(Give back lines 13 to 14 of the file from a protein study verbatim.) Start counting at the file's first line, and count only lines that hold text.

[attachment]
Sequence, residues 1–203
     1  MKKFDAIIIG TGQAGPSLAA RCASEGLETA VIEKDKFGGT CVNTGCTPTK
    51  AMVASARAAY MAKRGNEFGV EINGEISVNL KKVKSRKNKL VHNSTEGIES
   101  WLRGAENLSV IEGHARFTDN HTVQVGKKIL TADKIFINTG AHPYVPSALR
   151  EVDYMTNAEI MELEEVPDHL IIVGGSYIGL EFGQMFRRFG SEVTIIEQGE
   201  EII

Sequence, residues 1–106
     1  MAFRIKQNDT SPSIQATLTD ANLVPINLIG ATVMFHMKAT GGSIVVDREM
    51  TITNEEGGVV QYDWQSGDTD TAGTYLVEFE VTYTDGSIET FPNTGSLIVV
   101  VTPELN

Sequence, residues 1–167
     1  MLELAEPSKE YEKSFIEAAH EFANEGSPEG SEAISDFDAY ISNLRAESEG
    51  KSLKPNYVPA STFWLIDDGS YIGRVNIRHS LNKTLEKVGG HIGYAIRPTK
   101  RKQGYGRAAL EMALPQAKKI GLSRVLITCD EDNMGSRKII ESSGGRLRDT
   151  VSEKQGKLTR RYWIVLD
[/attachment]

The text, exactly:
    51  KSLKPNYVPA STFWLIDDGS YIGRVNIRHS LNKTLEKVGG HIGYAIRPTK
   101  RKQGYGRAAL EMALPQAKKI GLSRVLITCD EDNMGSRKII ESSGGRLRDT